The mesh of nanowires behind MIT's new material for absorbing oil and other organic pollutants, here shown at increasing magnifications (left to right). Image courtesy / Francesco Stellacci, MIT, and Nature Nanotechnology
“What we found is that we can make 'paper' from an interwoven mesh of nanowires that is able to selectively absorb hydrophobic liquids-oil-like liquids-from water,” said Francesco Stellacci, an associate professor in the Department of Materials Science and Engineering and leader of the work.
In addition to its environmental applications, the nanowire paper could also impact filtering and the purification of water, said Jing Kong, an assistant professor of electrical engineering in the Department of Electrical Engineering and Computer Science and one of Stellacci's colleagues on the work. She noted that it could also be inexpensive to produce because the nanowires of which it is composed can be fabricated in larger quantities than other nanomaterials.
oil-absorbing nanowire mesh

A swatch of MIT's new oil-absorbing nanowire mesh next to a pen for scale. Image courtesy / Courtesy Francesco Stellacci, MIT, and Nature Nanotechnology
Stellacci explained that there are other materials that can absorb oils from water, “but their selectivity is not as high as ours.” In other words, conventional materials still absorb some water, making them less efficient at capturing the contaminant.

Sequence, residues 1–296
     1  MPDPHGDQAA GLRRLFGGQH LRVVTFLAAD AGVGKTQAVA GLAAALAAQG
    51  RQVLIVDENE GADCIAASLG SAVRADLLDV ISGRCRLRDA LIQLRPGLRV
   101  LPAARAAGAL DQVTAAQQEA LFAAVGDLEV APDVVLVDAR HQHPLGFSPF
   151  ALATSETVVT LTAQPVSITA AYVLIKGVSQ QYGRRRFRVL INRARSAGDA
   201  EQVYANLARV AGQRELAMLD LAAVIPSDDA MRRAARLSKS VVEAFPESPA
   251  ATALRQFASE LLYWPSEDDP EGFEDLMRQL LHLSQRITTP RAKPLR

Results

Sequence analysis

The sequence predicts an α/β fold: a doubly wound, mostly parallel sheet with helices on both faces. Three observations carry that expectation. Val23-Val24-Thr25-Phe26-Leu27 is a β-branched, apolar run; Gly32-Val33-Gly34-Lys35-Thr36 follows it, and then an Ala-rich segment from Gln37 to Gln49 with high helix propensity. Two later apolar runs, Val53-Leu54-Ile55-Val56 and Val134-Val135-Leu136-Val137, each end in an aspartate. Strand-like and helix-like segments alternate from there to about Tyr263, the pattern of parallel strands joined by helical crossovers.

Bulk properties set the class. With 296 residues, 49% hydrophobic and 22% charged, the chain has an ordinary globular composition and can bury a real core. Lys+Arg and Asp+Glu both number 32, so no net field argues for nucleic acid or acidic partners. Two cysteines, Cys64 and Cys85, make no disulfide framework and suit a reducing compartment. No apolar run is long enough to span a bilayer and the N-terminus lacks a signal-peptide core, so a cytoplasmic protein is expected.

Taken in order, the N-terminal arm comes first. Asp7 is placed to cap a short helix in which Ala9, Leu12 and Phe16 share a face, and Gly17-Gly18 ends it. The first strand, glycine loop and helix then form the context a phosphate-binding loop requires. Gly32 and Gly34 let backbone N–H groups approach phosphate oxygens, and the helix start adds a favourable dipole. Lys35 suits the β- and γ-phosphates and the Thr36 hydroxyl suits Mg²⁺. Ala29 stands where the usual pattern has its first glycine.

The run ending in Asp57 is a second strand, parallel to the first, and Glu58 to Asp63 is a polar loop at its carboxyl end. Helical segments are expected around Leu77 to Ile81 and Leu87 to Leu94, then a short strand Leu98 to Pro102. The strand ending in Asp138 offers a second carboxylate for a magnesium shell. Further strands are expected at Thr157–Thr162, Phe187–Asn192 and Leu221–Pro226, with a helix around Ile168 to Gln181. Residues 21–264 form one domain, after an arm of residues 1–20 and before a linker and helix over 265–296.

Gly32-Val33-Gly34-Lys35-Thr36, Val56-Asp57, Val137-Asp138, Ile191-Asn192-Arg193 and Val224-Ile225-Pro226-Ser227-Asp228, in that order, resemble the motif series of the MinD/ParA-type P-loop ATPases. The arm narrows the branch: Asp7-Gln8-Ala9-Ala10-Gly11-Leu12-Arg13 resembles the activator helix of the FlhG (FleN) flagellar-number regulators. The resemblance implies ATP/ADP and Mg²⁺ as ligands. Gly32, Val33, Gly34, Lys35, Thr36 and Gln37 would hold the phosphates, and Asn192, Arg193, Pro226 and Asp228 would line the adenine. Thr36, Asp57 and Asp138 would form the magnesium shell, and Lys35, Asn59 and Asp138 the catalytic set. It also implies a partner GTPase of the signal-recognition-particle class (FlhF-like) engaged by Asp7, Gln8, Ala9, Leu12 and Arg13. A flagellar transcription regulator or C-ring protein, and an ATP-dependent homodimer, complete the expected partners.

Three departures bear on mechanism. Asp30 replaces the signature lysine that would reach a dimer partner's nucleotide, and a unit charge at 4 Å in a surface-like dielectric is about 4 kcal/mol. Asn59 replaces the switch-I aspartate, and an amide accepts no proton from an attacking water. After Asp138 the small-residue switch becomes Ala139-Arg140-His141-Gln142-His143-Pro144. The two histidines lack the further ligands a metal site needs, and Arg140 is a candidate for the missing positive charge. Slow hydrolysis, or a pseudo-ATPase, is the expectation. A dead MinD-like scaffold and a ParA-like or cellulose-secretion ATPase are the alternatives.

The new material appears to be completely impervious to water. “Our material can be left in water a month or two, and when you take it out it's still dry,” Stellacci said. “But at the same time, if that water contains some hydrophobic contaminants, they will get absorbed.”
Made of potassium manganese oxide, the nanowires are stable at high temperatures. As a result, oil within a loaded membrane can be removed by heating above the boiling point of oil. The oil evaporates, and can be condensed back into a liquid. The membrane-and oil-can be used again.
new material for absorbing oil and other organic pollutants

MIT has developed a new material for absorbing oil and other organic pollutants. Here the material is used to remove a layer of gasoline (dyed blue) from a vial of water. Image courtesy / Francesco Stellacci, MIT, and Nature Nanotechnology